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Toilet cistern/water tank over flowing

Toilets and water tanks are fed by water via a valve which automatically stops when they are full.
In the event of the valve becoming faulty you should find an overflow pipe which diverts the water outside. You may see this dripping as the fault begins then really starts to flow as the valve starts to fail badly. Even if you just see it dripping that is the time to take action. When buying a replacement ensure it is suitable for the pressure of water you have coming in.

In some modern toilet cisterns the siphon diverts water into the pan when the valve fails so you might see a constant trickle going down the pan (and wasting water).


Toilet Cistern
Lift the cistern lid and you should see the water level much higher than normal. You should see the water flowing out the overflow pipe. (or with a modern siphon into the pan) You will need to change the valve.

Turn off the water. And flush the toilet. There are several types of valve. The traditional type is a round ball cock float on a long arm to the shut off valve.

Some are bottom entry and some are side entry. Side entry ones are easier to change. If it's bottom entry you'll have to drain the toilet cistern completely. Take out the remaining water from the bottom with a sponge.

Using a footprint wrench or adjustable spanner unscrew the bottom of the valve from the water intake pipe. Then unscrew it from the cistern.
Replace it with a new valve.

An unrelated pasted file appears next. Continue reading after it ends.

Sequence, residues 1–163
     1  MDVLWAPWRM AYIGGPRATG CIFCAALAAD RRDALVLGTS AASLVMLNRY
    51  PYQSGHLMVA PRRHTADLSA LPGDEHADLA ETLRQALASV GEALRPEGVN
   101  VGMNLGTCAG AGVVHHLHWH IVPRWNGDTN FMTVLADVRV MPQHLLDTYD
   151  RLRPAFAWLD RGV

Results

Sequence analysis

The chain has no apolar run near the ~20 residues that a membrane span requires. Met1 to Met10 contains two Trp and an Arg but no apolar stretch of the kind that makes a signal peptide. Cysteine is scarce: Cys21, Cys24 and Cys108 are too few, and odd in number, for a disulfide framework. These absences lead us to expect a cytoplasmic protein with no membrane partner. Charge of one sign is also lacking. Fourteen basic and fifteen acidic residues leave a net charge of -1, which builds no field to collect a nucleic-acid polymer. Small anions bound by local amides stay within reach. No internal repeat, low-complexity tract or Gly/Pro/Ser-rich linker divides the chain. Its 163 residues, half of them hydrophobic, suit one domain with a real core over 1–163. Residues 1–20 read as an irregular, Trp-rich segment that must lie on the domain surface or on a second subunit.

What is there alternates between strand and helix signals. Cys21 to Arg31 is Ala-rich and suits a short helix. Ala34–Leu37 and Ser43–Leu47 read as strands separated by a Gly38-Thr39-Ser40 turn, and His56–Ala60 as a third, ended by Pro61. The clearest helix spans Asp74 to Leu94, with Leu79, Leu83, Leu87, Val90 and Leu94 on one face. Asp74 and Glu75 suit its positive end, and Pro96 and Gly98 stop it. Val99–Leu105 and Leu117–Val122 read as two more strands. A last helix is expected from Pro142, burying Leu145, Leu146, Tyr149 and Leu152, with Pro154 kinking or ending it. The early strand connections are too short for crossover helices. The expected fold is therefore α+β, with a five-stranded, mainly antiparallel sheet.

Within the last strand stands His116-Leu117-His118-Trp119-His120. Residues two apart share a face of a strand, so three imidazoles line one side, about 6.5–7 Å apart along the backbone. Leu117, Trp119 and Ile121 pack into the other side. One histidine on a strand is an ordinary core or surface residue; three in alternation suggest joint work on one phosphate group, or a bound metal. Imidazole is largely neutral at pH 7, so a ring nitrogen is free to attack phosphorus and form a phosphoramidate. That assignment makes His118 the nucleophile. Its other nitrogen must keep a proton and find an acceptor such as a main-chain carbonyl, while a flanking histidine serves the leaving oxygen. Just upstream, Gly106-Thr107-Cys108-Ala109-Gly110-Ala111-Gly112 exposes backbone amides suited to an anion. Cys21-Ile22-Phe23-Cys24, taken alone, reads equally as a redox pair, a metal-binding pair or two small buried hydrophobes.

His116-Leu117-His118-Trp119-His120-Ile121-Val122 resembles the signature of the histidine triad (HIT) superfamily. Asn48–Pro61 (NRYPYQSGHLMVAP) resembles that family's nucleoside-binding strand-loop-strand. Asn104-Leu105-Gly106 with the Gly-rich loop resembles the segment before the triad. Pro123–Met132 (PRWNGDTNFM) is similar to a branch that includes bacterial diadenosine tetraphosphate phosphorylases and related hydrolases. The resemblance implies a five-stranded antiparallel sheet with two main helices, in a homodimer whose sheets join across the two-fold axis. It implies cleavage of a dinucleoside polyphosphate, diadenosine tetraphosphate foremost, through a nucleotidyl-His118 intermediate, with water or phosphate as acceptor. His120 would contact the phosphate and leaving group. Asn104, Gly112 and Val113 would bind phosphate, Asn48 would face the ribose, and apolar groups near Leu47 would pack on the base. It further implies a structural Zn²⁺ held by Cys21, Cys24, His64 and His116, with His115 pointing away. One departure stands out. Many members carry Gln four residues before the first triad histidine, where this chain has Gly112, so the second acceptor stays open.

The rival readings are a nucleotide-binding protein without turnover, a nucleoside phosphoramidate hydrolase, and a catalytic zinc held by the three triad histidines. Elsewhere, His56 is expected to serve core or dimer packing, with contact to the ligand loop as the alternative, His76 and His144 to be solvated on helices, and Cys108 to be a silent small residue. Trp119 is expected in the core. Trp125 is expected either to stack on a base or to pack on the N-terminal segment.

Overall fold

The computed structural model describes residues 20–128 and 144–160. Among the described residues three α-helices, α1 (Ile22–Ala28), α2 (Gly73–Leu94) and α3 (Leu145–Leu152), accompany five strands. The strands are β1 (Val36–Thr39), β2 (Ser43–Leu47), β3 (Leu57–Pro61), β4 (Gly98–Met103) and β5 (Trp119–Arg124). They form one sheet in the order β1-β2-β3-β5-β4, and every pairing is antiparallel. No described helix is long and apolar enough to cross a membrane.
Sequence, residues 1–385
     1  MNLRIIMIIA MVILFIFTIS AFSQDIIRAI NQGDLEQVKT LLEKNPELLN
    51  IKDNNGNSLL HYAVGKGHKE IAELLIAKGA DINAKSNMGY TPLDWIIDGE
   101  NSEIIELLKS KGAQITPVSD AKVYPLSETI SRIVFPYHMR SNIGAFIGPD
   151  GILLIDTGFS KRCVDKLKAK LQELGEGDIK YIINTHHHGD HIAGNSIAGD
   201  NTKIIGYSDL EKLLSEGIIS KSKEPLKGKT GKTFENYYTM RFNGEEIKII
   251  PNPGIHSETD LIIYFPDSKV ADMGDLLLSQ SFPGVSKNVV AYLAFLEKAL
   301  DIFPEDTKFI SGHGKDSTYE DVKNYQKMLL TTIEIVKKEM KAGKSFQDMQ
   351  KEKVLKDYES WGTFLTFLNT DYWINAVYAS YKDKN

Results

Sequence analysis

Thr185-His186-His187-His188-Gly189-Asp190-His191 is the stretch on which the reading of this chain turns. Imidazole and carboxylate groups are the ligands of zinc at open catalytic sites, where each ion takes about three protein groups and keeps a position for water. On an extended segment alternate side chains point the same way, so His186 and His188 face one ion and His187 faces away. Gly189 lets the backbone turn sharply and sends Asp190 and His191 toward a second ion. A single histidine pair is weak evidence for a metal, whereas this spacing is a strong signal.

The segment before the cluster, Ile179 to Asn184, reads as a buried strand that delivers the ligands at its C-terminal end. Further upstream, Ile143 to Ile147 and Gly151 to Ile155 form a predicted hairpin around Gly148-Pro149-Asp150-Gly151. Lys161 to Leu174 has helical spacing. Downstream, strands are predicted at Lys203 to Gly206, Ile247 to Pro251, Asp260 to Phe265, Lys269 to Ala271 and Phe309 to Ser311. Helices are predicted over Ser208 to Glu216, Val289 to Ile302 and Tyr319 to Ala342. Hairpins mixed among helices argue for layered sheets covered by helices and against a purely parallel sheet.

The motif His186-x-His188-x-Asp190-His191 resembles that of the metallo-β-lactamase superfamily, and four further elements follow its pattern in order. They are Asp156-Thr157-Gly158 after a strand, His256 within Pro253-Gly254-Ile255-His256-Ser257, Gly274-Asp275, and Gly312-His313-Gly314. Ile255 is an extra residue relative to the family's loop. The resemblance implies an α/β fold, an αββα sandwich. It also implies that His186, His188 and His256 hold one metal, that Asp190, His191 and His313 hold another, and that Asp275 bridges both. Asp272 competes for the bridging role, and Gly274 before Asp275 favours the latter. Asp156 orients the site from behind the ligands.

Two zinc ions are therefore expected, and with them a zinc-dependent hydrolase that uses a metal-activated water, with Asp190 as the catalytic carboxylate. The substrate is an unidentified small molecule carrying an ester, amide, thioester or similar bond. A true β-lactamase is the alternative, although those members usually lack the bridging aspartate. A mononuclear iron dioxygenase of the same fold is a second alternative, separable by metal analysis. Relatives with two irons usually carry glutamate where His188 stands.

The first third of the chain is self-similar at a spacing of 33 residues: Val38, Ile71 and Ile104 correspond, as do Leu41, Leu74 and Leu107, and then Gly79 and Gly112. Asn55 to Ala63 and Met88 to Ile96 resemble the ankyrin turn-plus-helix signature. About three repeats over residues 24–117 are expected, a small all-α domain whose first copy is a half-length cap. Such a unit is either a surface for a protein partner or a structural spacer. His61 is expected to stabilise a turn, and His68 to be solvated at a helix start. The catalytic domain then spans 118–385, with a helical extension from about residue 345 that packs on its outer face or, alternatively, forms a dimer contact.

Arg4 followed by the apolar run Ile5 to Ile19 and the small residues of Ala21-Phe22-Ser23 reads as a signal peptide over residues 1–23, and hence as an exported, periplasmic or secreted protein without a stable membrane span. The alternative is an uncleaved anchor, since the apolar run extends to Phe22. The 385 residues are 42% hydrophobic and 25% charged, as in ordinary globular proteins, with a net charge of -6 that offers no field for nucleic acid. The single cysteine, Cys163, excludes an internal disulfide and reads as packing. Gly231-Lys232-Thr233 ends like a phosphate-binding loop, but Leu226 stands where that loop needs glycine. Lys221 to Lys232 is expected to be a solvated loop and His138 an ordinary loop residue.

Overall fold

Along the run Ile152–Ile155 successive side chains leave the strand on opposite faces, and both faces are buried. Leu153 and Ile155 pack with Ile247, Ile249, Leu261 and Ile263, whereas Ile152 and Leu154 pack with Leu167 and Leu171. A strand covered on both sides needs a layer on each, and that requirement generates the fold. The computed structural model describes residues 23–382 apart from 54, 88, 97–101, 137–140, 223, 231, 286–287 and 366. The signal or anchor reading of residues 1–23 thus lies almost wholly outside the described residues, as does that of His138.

Then turn the water back on and adjust the valve so that the water level comes back to it's original height(you'll see some staining on the side of the cistern)

The adjustment is either on the float or the body of the valve depending on which type of valve you choose. e.g. on a Torbeck valve you can screw the small float up and down. With a plastic ball valve there is a small nut and bolt assembly which is adjustable to give the correct level.


If you do have an old ball cock type you may like to replace it with a more modern type which tend to fill more quickly and quietly.(like a Torbeck or Fluidmaster valve) It has a tiny float compared to a ball cock type.

Bottom entry Torbeck valve. Very quiet and quick filling. Approx. £12

Water tank
Changing the valve is very similar to the toilet cistern. They are simpler to change other than you may be pressed for space if it is in the loft and often the retaining nuts can be difficult to remove if they are seized up. (try spraying the retaining nut with WD40)
Valves on water tanks will all be side entry which makes it easier as you won't have to drain the tank. Turn off the water first.

If you change the valve like for like (they are often a brass Portsmouth valves which are very cheap and reliable) then the water level should come back pretty much to the same level as the original without much adjustment. (which is handy if your tank is awkwardly placed in the loft.)

A portsmouth valve with a ball cock can be quickly adjusted by bending the brass arm. Bending it down will stop the water more quickly. Make sure the water stops an inch or two lower than the overflow outlet.  
Brass valve with float. Approx. £6